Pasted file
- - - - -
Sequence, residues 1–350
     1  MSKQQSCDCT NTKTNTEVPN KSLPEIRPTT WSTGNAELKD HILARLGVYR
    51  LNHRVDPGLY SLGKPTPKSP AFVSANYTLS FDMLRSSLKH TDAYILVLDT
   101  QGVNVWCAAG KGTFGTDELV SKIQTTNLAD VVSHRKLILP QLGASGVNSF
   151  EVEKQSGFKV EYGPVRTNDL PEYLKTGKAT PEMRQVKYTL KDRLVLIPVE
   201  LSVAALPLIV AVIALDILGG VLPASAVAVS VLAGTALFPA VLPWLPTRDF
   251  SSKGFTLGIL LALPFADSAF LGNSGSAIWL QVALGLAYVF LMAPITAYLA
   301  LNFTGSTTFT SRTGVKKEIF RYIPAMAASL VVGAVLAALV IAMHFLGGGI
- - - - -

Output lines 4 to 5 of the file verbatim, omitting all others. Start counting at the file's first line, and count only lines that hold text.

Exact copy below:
   101  QGVNVWCAAG KGTFGTDELV SKIQTTNLAD VVSHRKLILP QLGASGVNSF
   151  EVEKQSGFKV EYGPVRTNDL PEYLKTGKAT PEMRQVKYTL KDRLVLIPVE